Leelinau





A CHIPPEWA TALE.





The Pukwudjininees, or fairies of Lake Superior, had one of their most

noted places of residence at the great sand dunes of Naigow Wudjoo,

called by the French La Grandes Sables. Here they were frequently

seen in bright moonlight evenings, and the fishermen while sitting in

their canoes on the lake often saw them playing their pranks, and

skipping over the hills. There was a grove of pines in that vicinity

called the manito wac, or Spirit wood, into which they might be seen to

flee, on the approach of evening, and there is a romantic little lake

on those elevated sand-hills, not far back from the Great Lake, on the

shores of which their tracks could be plainly seen in the sand. These

tracks were not bigger than little children's footprints, and the

spirits were often seen in the act of vanishing behind the little

pine-trees. They love to dance in the most lonesome places, and were

always full of glee and merriment, for their little voices could be

plainly heard. These little men, the pukwudjininees, are not deeply

malicious, but rather delighted in mischief and freaks, and would

sometimes steal away a fisherman's paddle, or come at night and pluck

the hunter's feathers out of his cap in the lodge, or pilfer away some

of his game, or fish. On one occasion they went so far as to entice

away into their sacred grove, and carry off a chief's daughter--a small

but beautiful girl, who had been always inclined to be pensive, and

took her seat often in these lonesome haunts. From her baby name of

Neenizu, my dear life, she was called Leelinau, but she never

attained to much size, remaining very slender, but of the most pleasing

and sylph-like features, with very bright black eyes, and little feet.

Her mother often cautioned her of the danger of visiting these lonely

fairy haunts, and predicted, playfully, that she would one day be

carried off by the Pukwudjees, for they were very frolicsome,

mischievous and full of tricks.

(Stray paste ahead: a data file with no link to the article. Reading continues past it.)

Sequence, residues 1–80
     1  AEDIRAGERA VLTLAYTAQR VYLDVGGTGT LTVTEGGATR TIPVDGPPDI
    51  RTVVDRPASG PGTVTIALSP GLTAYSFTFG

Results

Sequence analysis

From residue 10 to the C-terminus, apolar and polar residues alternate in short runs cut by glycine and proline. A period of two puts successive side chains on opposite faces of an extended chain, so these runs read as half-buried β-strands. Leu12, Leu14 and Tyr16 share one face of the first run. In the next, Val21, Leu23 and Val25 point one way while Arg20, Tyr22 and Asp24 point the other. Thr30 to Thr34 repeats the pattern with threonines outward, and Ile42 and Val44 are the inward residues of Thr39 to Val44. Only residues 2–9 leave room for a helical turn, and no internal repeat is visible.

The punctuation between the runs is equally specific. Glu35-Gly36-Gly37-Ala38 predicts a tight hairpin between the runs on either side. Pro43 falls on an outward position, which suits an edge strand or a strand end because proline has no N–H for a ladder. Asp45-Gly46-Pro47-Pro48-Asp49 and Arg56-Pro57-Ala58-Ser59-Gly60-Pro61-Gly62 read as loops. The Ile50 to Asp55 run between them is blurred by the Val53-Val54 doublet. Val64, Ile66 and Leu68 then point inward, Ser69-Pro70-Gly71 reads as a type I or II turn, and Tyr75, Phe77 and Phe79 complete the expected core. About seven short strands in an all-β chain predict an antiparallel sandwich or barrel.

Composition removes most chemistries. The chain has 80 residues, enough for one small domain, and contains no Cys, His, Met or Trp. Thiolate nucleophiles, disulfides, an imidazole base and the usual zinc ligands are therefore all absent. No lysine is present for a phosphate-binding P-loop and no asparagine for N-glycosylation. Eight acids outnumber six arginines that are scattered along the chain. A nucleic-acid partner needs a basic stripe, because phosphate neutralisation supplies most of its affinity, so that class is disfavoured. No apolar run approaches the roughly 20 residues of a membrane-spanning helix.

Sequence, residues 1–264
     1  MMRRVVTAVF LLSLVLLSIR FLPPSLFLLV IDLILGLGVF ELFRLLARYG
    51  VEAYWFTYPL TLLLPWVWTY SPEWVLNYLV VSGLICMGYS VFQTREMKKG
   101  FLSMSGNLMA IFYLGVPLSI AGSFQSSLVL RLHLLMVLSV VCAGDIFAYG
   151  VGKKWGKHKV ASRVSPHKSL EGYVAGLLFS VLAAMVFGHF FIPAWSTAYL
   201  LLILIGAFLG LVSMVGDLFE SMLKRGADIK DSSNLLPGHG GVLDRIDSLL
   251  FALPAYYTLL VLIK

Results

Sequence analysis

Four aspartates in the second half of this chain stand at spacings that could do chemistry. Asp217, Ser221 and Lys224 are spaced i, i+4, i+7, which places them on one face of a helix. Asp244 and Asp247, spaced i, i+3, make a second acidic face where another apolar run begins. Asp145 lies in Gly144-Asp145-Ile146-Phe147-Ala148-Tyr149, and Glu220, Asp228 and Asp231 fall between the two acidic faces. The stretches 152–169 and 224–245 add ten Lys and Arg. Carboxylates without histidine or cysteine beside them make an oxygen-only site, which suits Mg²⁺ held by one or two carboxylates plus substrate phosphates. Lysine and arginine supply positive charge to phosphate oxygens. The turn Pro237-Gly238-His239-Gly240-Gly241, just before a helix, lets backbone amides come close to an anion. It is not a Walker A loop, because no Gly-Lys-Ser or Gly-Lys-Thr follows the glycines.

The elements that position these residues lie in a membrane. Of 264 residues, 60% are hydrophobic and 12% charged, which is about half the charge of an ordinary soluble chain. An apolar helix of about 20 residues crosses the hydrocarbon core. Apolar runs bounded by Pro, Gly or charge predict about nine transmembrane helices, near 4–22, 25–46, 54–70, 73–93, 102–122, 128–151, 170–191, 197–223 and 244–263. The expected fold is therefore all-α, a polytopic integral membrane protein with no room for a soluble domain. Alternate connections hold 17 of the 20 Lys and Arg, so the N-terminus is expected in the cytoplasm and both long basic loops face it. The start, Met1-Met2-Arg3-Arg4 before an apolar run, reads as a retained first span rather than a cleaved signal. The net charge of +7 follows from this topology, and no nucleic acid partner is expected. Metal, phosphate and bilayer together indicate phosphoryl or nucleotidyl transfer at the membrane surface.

To divert her mind from these recluse moods and tastes, she endeavored

to bring about an alliance with a neighboring forester, who, though

older than herself, had the reputation of being an excellent hunter,

and active man, and he had even creditably been on the war path, though

he had never brought home a scalp. To these suggestions Leelinau had

turned rather a deaf ear. She had imbibed ideas of a spiritual life and

existence, which she fancied could only be enjoyed in the Indian

elysium, and instructed as she was by the old story-tellers, she could

not do otherwise than deem the light and sprightly little men who made

the fairy footprints as emissaries from the Happy Land. For this

happy land she sighed and pined. Blood, and the taking of life, she

said, the Great Spirit did not approve, and it could never be agreeable

to minds of pure and spiritual moulds. And she longed to go to a region

where there was no weeping, no cares, and no deaths. If her parents

laughed at these notions as childish, her only resource was silence, or

she merely revealed here motions in her eyes. She was capable of the

deepest concealment, and locked up in her heart what she feared to

utter, or uttered to deceive. This proved her ruin.



At length, after a series of conversational interviews on the subject,

she announced her willingness to accede to the matrimonial proposals,

and the day was fixed for this purpose. She dressed herself in the

finest manner possible, putting flowers in her hair, and carrying a

bunch of wild flowers, mixed with tassels of the pine-tree in her hand.

One only request she made, which was to make a farewell visit to the

sacred grove of the fairies, before she visited the nuptial bower. This

was granted, on the evening of the proposed ceremony, while the

bridegroom and his friends gathered in her father's lodge, and

impatiently waited her return. But they waited in vain. Night came but

Leelina was never more seen, except by a fisherman on the lake shore,

who conceived that he had seen her go off with one of the tall fairies

known as the fairy of Green Pines, with green plumes nodding o'er his

brows; and it is supposed that she is still roving with him over the

elysian fields.





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